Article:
To further improve antenatal influenza vaccine coverage and to encourage antenatal Tdap vaccination, promotional efforts tailored specifically to late acceptors of influenza vaccination or vaccine-hesitant women is important. Other studies which have tested messaging techniques have started to emphasize this need to adapt messages based upon individuals’ preconceptions and attitudes towards vaccination.42 Since these results show that perceiving pertussis as serious for their infant is strongly associated with intention to receive an antenatal Tdap vaccine, explaining disease effects on infants may be an effective promotional strategy for women reluctant to receive vaccines. Continuing to promote, discuss, and offer influenza vaccine repeatedly and late into an influenza season is especially important for women who may be hesitant, but still interested in receiving an influenza vaccine. Likewise, continuing to discuss and promote Tdap vaccination throughout pregnancy can remind and encourage women to receive a Tdap vaccination before delivery. Since patient education on antenatal vaccination is likely to come from obstetricians, continuing to develop and evaluate nuanced tools for promoting influenza and Tdap vaccines during pregnancy is needed.
Allison Chamberlain, Katherine Seib, Paula Frew, Marielysse Cortés, Ellen Whitney, Ruth Berkelman, Saad Omer, Walter Orenstein, Fauzia Malik, Pat Cota and Lisa Flowers have no conflicts of interest to report. Kevin Ault has acted as a consultant on maternal immunization with the Centers for Disease Control and Prevention, the National Institute of Allergy and Infectious Diseases and the American College of Obstetricians and Gynecologists. He also serves on a data safety and monitoring committee with Novartis.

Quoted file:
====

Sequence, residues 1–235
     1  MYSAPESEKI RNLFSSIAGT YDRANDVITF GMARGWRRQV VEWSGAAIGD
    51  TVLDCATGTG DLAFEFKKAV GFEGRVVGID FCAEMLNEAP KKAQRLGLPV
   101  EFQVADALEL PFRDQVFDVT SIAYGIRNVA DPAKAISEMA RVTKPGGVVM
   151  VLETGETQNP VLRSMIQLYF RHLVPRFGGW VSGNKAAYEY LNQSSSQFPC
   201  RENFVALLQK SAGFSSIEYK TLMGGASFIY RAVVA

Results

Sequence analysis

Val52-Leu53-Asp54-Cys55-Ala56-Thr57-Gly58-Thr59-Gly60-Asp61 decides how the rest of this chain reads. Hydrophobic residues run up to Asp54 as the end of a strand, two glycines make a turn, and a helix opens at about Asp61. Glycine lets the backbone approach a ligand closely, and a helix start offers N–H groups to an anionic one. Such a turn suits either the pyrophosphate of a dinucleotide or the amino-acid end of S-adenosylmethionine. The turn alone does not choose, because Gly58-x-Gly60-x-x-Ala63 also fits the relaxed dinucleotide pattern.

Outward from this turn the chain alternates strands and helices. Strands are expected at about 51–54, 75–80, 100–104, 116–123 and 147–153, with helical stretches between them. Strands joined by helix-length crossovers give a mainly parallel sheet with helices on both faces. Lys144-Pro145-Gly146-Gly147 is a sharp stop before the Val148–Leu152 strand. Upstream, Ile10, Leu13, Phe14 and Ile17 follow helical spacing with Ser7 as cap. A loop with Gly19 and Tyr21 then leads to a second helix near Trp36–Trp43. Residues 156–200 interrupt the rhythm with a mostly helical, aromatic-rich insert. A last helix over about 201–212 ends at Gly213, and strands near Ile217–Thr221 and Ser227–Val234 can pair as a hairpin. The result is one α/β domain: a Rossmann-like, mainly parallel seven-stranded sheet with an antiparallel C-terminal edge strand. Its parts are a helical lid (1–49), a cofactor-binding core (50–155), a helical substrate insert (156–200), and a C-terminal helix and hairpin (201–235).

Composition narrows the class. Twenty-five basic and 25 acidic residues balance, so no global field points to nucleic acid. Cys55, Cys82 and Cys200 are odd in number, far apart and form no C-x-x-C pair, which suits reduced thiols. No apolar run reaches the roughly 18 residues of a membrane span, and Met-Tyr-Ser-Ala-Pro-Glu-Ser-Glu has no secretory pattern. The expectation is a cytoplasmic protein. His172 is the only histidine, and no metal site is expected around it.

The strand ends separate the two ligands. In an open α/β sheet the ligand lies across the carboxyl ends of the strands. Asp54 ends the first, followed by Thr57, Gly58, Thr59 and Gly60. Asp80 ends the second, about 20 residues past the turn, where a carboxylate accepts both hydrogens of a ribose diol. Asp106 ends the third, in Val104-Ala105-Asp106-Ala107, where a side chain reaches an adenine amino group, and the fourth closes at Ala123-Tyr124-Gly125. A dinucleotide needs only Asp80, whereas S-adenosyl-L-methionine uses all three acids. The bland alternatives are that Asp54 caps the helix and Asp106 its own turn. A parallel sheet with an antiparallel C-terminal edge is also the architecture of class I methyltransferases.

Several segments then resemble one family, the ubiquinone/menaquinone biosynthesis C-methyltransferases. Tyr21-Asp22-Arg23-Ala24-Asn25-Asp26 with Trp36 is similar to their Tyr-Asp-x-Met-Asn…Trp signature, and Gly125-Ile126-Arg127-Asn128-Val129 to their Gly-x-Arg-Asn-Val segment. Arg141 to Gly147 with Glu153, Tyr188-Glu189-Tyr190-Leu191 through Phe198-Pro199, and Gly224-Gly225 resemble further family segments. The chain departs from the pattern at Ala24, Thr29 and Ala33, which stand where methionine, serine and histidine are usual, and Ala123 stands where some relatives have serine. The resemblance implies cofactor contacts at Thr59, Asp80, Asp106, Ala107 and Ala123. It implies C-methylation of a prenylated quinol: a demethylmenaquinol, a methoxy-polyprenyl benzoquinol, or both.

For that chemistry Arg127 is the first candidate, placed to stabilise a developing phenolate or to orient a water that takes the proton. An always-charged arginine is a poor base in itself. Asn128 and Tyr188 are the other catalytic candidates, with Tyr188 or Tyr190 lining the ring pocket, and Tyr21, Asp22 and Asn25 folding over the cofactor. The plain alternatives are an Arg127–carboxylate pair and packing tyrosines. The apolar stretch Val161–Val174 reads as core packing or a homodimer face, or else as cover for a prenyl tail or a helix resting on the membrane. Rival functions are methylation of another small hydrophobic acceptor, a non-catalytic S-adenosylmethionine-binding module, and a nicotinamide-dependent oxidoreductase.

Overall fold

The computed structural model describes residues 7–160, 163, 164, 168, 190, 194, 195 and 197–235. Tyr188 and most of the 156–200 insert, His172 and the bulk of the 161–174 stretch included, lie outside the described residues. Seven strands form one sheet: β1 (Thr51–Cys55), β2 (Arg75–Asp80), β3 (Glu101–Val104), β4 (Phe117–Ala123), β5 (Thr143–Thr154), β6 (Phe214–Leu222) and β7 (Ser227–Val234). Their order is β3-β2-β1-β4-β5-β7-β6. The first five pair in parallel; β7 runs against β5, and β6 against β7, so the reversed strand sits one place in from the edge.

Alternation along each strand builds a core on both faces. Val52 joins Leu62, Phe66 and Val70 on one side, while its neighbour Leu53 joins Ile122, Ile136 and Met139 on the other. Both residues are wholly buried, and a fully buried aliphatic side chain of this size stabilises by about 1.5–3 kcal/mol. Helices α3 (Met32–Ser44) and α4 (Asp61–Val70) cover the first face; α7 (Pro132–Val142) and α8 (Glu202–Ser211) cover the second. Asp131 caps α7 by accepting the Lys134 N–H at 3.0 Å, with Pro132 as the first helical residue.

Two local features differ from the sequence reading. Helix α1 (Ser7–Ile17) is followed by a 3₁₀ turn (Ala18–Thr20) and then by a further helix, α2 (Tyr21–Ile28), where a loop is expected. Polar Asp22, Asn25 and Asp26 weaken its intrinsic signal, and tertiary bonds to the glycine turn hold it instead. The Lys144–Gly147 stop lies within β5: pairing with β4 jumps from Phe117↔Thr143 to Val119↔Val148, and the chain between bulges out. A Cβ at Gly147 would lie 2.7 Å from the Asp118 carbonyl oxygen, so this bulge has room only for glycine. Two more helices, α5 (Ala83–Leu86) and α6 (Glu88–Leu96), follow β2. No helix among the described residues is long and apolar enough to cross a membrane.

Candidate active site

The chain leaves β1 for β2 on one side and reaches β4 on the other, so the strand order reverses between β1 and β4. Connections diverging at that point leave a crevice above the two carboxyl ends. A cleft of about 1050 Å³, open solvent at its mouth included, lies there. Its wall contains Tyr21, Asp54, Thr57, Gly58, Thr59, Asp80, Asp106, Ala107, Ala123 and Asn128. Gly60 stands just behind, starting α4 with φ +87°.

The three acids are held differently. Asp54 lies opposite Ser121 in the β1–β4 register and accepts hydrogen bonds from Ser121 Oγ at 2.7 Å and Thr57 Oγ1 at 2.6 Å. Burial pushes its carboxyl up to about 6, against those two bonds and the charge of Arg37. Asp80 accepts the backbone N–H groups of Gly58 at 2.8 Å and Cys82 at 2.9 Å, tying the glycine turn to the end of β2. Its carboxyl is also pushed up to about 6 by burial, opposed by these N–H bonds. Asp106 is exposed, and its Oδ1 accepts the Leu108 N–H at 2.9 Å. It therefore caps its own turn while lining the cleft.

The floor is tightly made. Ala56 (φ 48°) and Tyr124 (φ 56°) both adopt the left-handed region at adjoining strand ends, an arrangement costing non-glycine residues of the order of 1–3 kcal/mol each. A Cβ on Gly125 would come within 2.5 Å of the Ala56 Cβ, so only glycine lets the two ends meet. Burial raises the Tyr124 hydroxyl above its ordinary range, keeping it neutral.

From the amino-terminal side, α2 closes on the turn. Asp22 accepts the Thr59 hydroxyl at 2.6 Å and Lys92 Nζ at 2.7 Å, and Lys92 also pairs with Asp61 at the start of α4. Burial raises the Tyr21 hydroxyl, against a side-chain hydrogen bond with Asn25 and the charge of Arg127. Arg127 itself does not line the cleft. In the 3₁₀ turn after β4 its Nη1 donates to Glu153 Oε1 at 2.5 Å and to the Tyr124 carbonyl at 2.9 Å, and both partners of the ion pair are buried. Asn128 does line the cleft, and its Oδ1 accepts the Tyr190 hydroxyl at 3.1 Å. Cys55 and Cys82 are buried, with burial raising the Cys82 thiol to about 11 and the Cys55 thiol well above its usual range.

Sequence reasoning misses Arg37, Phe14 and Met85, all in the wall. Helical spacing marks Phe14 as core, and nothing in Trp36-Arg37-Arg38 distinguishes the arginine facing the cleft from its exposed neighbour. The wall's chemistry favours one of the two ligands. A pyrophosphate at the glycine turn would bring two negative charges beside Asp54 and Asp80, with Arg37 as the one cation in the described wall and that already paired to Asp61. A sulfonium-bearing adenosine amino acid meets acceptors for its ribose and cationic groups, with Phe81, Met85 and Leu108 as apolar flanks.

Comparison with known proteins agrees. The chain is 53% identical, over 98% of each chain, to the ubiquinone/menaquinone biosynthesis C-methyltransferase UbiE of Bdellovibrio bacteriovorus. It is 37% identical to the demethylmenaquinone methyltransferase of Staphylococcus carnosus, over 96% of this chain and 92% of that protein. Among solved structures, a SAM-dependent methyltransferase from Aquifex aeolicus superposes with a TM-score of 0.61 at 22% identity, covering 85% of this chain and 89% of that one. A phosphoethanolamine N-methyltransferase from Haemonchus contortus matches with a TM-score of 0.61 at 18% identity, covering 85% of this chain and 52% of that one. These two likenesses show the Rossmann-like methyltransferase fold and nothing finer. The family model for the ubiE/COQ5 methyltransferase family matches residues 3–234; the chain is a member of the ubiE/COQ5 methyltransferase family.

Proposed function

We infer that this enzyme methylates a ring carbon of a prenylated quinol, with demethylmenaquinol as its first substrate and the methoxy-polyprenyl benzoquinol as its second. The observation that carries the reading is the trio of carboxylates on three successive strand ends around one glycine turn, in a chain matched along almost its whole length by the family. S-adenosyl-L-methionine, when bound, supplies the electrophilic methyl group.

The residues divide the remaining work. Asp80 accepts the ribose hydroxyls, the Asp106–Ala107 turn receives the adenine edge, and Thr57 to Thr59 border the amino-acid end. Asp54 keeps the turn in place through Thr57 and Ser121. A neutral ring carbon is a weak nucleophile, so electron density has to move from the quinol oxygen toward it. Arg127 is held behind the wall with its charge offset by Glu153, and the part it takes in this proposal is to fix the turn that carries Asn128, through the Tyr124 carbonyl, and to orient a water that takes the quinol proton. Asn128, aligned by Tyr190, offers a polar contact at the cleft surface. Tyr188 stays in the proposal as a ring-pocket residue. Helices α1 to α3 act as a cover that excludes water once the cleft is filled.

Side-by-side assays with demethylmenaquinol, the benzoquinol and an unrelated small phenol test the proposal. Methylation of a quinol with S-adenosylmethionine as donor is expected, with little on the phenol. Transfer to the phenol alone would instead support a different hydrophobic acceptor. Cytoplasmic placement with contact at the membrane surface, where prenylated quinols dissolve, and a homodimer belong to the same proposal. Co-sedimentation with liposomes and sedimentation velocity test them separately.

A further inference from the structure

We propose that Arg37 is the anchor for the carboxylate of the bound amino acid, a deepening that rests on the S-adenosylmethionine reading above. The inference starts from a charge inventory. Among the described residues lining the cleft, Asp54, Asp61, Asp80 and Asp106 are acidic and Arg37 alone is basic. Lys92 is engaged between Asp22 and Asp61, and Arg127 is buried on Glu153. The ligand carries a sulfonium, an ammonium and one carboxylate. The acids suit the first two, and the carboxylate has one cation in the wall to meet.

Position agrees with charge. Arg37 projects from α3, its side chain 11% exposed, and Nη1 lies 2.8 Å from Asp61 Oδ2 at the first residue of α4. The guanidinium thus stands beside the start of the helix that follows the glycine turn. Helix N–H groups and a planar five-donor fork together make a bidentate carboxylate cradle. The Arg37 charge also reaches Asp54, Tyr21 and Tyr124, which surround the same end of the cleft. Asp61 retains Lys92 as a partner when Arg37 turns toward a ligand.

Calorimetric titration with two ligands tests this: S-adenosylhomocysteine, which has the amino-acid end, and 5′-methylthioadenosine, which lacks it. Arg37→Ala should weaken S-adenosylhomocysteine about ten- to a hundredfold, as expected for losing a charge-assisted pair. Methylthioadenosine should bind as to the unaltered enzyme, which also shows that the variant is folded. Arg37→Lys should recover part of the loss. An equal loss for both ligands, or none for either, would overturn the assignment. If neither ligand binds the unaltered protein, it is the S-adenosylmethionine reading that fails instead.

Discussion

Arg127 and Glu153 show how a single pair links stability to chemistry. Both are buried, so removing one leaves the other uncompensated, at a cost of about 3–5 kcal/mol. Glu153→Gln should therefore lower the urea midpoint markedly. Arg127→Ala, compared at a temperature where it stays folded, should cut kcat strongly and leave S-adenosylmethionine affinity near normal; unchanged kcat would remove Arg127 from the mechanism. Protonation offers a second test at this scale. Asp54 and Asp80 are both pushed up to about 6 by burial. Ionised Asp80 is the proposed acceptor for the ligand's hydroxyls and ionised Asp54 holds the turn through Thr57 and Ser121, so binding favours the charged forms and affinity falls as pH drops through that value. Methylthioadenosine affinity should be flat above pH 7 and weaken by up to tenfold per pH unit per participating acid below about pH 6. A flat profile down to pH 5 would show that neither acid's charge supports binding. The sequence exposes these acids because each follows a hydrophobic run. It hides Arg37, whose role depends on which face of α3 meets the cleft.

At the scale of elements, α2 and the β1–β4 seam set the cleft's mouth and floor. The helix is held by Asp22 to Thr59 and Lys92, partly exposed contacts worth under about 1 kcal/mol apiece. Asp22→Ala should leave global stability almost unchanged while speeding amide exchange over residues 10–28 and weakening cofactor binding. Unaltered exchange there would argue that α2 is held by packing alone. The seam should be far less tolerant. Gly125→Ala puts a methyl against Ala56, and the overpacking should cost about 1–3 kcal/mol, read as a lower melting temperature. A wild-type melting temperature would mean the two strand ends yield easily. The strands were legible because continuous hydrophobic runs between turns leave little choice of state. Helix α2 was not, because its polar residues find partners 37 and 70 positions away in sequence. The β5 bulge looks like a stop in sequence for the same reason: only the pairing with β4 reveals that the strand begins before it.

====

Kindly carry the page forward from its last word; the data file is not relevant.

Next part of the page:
AcknowledgementsWe would like to thank Emory Rollins School of Public Health graduate research assistants Kristin Bratton, Anna Gajewski, Jaime Hamil, Isabelle Hutchings, Beatrice Jang, Swati Jha, Swati Mishra, Alyssa Parr, Kaitlyn Pruitt, and Chika Obidike and University of Georgia graduate research assistants Alethea Chiappone, Hannah Demmitt and Jenessa Teague for their assistance in recruiting the participants in this study and/or managing data. This study was supported by a grant from the Centers for Disease Control and Prevention (CDC), grant # 5P01TP000300, to the Emory Preparedness and Emergency Response Research Center, Emory University, Atlanta, GA. Its contents are solely the responsibility of the authors and do not necessarily represent the official views of the CDC.